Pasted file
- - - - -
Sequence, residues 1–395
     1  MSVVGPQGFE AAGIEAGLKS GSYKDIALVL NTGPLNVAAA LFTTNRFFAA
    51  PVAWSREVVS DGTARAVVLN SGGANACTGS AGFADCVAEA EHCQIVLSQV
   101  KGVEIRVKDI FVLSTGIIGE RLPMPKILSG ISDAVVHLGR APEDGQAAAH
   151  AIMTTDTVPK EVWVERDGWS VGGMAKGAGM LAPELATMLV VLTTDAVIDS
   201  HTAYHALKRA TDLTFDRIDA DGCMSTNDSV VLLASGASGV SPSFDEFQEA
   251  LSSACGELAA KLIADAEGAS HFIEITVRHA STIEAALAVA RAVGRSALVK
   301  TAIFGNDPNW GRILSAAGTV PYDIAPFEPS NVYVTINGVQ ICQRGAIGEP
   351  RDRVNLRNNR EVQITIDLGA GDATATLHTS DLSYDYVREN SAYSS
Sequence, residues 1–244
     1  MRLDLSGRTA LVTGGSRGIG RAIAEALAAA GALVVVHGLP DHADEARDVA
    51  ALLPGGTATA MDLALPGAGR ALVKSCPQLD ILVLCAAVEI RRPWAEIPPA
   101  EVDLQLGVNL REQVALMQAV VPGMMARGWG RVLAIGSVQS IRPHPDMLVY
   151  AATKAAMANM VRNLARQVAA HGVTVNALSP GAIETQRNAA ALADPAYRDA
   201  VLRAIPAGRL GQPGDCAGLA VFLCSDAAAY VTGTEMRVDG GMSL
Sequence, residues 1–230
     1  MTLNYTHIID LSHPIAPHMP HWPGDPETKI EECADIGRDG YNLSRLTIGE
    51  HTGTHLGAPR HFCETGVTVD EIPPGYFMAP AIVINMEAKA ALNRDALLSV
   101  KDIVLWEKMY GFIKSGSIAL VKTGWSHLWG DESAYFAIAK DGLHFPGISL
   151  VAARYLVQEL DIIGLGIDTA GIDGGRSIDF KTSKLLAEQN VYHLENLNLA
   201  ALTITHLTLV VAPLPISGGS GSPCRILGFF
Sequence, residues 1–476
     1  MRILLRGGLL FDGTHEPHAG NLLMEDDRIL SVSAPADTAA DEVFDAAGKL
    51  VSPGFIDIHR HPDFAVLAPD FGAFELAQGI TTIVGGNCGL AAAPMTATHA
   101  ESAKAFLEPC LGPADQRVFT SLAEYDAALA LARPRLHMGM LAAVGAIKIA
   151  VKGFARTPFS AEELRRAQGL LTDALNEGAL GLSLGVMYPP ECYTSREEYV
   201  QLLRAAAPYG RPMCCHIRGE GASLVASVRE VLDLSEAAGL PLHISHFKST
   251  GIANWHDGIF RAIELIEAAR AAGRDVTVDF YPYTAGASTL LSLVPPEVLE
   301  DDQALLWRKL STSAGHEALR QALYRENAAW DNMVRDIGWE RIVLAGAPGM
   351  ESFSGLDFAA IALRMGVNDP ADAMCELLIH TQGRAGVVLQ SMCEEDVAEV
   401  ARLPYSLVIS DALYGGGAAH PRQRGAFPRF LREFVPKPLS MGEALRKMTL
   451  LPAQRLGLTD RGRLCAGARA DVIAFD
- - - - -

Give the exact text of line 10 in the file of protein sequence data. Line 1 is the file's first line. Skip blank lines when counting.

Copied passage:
Sequence, residues 1–244